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9.4% dividend yield! Should I buy this FTSE 100 stock for passive income?

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Today is a brilliant time to buy FTSE 100 stocks to generate passive income as there are some massive yields out there.

One share has just caught my eye, asset manager M&G (LSE: MNG). It yields 9.4%, making it among the most generous income stocks on the index.

That’s a lot of passive income

As ever, I’m both excited and wary when I see such a high dividend. Excited, because with income of almost 10% a year, I’ll roughly double my money in a decade even if the share price goes nowhere. Wary, because it’s often a sign of a company in trouble.

Dividend yield is calculated by dividing shareholder payouts by stock price. When the shares crash, the yield can rocket. So I wasn’t surprised to see that M&G shares have fallen 11.32% in the last six months, and 15.74% over three years

M&G broke away from insurer Prudential in 2019 and has delivered a little share price growth since, but the yield has always been consistently high. So is this stock a Dividend Aristocrat, or just faking it?

As abrdn and Schroders can testify, 2022 has been tough on FTSE 100 fund managers. When markets fall, assets under management (AUM) inevitably follow suit, while outflows from disillusioned investors increase.

In the first half of the year, M&G’s AUM fell by £21.1bn to £348.9bn. That was mostly due to market falls, with net client outflows an impressively low £1.2bn. Adjusted pre-tax operating profits nonetheless fell from £327m to £182m.

Given market conditions, that neither surprises nor worries me. Given that I prefer to buy stocks when they’re falling rather than rising, it even tempts me. When stock markets recover, I would expect the outlook for M&G to brighten.

In two minds about M&G

M&G looks solids, with a “very strong” shareholder solvency II rating of 214%. It generated £433m of operating capital in the first half, up 40% on the previous year, and is targeting £2.5bn by the end of 2024.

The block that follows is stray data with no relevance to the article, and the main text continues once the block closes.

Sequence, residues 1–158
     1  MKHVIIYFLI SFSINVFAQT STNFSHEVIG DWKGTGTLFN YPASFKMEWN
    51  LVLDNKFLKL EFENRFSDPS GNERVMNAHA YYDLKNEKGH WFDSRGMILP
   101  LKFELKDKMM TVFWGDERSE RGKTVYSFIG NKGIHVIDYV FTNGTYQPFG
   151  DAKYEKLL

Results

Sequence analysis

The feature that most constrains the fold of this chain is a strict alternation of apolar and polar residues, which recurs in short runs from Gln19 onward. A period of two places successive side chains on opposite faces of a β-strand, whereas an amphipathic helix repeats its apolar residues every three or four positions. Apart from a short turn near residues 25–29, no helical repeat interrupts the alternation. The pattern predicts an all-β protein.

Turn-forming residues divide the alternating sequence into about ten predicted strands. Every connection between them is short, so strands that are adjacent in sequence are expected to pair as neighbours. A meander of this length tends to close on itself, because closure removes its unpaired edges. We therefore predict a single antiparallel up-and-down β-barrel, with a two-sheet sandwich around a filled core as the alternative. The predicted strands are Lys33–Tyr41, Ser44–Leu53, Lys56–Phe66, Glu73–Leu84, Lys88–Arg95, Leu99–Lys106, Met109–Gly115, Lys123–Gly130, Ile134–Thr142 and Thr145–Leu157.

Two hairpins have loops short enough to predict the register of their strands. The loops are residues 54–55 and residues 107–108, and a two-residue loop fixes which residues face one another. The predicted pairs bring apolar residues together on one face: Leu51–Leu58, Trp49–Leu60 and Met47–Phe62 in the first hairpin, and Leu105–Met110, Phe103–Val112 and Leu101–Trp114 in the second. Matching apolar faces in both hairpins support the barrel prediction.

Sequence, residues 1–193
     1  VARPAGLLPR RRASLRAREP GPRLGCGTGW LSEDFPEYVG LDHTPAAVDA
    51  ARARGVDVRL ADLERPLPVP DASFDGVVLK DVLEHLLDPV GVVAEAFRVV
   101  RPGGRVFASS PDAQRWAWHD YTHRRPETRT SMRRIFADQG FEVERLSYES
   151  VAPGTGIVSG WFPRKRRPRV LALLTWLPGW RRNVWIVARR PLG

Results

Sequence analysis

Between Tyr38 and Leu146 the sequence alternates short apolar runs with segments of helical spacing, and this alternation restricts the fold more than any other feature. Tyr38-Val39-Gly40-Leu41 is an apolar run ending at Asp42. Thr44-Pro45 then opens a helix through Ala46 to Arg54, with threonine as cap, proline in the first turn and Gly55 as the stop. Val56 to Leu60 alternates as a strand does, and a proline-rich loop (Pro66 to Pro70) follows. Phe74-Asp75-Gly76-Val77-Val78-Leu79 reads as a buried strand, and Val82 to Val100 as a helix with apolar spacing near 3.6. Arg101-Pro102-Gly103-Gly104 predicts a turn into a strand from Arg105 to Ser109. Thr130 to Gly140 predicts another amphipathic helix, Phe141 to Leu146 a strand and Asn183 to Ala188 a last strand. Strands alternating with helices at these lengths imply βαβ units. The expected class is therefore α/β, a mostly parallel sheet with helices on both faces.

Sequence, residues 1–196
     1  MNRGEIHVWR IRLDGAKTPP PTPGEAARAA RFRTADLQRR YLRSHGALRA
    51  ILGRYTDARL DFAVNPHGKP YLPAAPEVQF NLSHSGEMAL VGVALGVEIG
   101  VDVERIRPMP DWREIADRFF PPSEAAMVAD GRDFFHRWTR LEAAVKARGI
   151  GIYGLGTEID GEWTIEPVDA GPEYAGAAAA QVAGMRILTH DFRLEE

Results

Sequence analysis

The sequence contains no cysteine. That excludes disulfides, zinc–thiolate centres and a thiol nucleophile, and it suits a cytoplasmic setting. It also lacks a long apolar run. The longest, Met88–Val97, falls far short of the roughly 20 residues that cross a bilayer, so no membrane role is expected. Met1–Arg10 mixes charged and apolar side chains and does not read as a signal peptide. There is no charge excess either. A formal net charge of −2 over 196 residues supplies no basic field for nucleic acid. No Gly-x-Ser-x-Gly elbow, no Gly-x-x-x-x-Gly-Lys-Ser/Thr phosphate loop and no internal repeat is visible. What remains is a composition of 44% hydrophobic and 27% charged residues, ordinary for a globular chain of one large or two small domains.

However, net debt is fairly high at £3.26bn, against a market cap of £4.53bn. That bullet needs biting at some point.

Something else worries me. In 2020, earnings per share of 44.4p nicely covered the dividend per share of 18.23p. Yet in 2021, EPS fell to just 3.3p while the dividend was lifted to 18.3p. Today, cover is just 0.2, well below the ideal figure of 2.

Management remains committed to the dividend, recently announcing an interim dividend of 6.2p per share, up from 6.1p last year. That’s in line with its policy of paying one-third of the previous year’s total dividend. The payout should be safe, so long as we do not get a protracted stock market downturn.

The price-to-earnings ratio is a very costly looking 58.98 times earnings, again, due to those hefty earnings swings. I’m sorely tempted by the M&G yield, but worried about some of these numbers. I’m sticking it on my watchlist, while I watch for the next set of earnings.

The post 9.4% dividend yield! Should I buy this FTSE 100 stock for passive income? appeared first on The Motley Fool UK.

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Harvey Jones doesn’t hold any of the shares mentioned in this article. The Motley Fool UK has recommended Prudential and Schroders (Non-Voting). Views expressed on the companies mentioned in this article are those of the writer and therefore may differ from the official recommendations we make in our subscription services such as Share Advisor, Hidden Winners and Pro. Here at The Motley Fool we believe that considering a diverse range of insights makes us better investors.